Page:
But improvement hasn't resulted in wins

The standings won't tell the Wizards that they have played better since acquiring Nene and parting ways with Nick Young and JaVale McGee. At 11-38, they still have the second-worst record in the league and own a four-game losing streak, matching their third longest slump of the year.

But there's no doubt that Washington is in the midst of what might be its best defensive stretch in more than three seasons, having held its last six opponents to an average of 88.8 points per game. The last time the Wizards went six straight games without giving up at least 100 points was in January 2009.

In the most recent six games for each NBA team, only New York, Philadelphia, Orlando and Chicago have given up fewer points. Of course, all four of those teams are also at least .500 during that stretch, while the Wizards are just 1-5.

Up next
Wizards at Pacers
When » Thursday, 7 p.m.
Where » Bankers Life Fieldhouse,

"I told our guys, 'Listen, we're all disappointed, probably a little frustration,'?" Wizards coach Randy Wittman said. "'But don't lose sight of what we're doing -- putting ourselves in position to win games against playoff teams.' Even the Boston game [an 88-76 loss], as bad as the first half was, we had an opportunity in the second half to make it a game."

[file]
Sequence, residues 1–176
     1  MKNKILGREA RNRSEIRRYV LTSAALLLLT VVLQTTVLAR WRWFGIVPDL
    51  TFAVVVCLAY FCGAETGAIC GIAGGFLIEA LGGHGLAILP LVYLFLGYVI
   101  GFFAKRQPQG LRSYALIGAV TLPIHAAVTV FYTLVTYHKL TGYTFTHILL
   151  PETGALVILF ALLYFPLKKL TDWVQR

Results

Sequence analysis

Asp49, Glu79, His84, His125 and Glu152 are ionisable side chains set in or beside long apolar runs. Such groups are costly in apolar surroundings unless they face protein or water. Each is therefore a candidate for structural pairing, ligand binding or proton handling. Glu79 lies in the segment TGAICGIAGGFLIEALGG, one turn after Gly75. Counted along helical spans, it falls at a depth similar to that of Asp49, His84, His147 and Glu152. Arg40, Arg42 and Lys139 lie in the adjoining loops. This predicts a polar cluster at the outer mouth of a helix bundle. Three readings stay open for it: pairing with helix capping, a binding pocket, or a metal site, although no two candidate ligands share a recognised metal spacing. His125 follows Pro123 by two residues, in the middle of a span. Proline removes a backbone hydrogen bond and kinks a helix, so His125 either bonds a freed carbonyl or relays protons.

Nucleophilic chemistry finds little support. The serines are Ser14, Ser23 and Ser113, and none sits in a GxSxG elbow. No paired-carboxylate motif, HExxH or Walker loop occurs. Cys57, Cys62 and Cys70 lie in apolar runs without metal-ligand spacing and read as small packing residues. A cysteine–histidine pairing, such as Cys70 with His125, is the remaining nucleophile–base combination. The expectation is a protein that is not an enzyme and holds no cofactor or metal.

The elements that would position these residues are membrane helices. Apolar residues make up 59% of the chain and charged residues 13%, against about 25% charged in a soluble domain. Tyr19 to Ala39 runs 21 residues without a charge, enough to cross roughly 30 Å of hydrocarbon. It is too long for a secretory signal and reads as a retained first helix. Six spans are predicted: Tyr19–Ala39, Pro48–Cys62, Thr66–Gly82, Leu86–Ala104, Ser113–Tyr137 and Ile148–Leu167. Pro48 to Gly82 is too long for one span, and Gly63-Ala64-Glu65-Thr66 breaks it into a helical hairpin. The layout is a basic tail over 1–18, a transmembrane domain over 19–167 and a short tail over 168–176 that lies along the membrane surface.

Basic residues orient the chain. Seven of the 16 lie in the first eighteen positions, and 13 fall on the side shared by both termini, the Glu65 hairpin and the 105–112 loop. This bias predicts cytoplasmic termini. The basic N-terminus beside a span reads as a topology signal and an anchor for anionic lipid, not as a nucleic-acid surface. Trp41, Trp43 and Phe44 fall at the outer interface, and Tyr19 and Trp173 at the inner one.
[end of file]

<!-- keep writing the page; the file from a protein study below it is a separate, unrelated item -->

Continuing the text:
What's most important to the Wizards is that they had a 22-point lead against the Indiana Pacers (29-19) -- who they will face Thursday -- a 16-point lead over Atlanta and a 13-point lead against Detroit. Of course, they squandered all three of those advantages late.

"It just hurts that we losing. We're not getting the results out of it," said guard Jordan Crawford, who has scored at least 20 points in each of the last half-dozen contests. "But ... we're playing better, playing a full game. I think teams that's coming in to play us know that, and now we're working on executing at the end."

Against the Pistons on Monday, the Wizards got the ball three times down the stretch to Nene, whose presence at both ends of the floor has had an immediate effect. The Brazilian center is unselfish with the ball and sets a complementary tone defensively alongside Kevin Seraphin, who has averaged 9.1 points and 5.6 rebounds in the last 10 games in an increased role following McGee's departure.

"I think it's more trust," Wizards forward Trevor Booker said. "We know guys are going to be there to help us. You actually want to sit down and play defense. You know if your opponent gets by you that you're going to have help there. That brings chemistry together and more trust."

In other news, the Wizards signed Cartier Martin to a 10-day contract, bringing back a guard/forward who averaged 4.0 points and 1.4 rebounds in 52 games with Washington last season before being waived in April. Martin played for the Jilin Northeastern Tigers in China during the lockout and then averaged 16.1 points in eight games with the Iowa Energy of the NBA Development League this year.